There has been growing interest in recent years among Orthodox in the historic position of the female deacon and in the possibility of reviving this ministry. Clearly, there has been a very remarkable development in this area of theological investigation. It is now common to find many Orthodox theologians openly discussing this issue. For the most part, they find no doctrinal reason against the rejuvenation of a genuine order of women deacons. Because these theologians see no doctrinal reason to keep the Church from reactivating the diaconate of women, this is a recognition which is, in itself, highly significant.2

The most extensive and fundamental research by an Orthodox scholar on the topic of the order of the deaconess has been done by Professor Evangelos Theodorou of the University of Athens. Through his analysis of Byzantine liturgical texts, Theodorou has clearly demonstrated that the female deacons were actually ordained at the altar and within the context of the Eucharist. While this question was once debated among Orthodox theologians, Theodorou has forcefully shown that the female deacon did not simply receive a blessing (cheirothesia) but received the laying on of hands (cheirotonia) as was the case of the male deacon.3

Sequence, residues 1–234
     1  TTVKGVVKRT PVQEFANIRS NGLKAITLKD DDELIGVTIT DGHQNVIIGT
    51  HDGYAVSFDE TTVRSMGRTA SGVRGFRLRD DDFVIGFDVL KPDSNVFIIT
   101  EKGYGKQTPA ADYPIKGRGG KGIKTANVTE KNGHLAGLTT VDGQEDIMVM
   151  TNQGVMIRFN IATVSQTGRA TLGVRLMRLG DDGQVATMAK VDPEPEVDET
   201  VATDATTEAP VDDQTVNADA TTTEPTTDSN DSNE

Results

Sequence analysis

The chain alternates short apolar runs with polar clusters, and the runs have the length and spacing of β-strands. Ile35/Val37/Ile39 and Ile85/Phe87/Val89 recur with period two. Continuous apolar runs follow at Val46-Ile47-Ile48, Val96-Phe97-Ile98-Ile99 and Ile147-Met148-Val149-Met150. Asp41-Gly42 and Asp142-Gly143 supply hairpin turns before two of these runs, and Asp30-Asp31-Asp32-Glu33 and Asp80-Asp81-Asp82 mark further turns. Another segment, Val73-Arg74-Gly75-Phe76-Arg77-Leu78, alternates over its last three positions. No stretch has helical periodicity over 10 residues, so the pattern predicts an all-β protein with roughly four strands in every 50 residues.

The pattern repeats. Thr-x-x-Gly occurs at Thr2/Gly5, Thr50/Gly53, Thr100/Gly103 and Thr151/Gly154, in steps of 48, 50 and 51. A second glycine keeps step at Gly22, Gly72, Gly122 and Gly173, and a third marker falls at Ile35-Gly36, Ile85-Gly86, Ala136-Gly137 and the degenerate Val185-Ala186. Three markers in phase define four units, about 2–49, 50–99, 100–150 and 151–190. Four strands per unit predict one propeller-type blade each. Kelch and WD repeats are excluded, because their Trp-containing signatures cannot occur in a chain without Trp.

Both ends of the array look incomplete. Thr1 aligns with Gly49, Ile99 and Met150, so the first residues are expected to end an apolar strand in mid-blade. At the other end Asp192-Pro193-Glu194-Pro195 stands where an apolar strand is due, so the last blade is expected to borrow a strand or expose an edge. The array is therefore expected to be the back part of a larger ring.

According to the Byzantine liturgical texts, the ordination of the woman deacon occurred as any other ordination to major orders. It took place during the celebration of the Eucharist and at the same point in the service that the male deacon was ordained. She was ordained at the altar by the bishop and, later in the service, received Holy Communion at the altar with the other clergy.4 Depending upon the need, location, and situation in history, the deaconess ministered primarily to the women in the community in much the same way that the male deacon ministered to men.5 While the expression of the deaconess’ work varied in both form and content throughout the life of the Church, it is important to note that the hallmark of this ministry had always been loving service to others. This is because the female deacon, like the male deacon, was ordained to diakonia or ministry.6 And, as was the case with her male counterpart, she was ordained to unconditional service to the Lord and His Church. The woman deacon had always to be receptive to the many changing needs of the Church and the promptings of the Holy Spirit.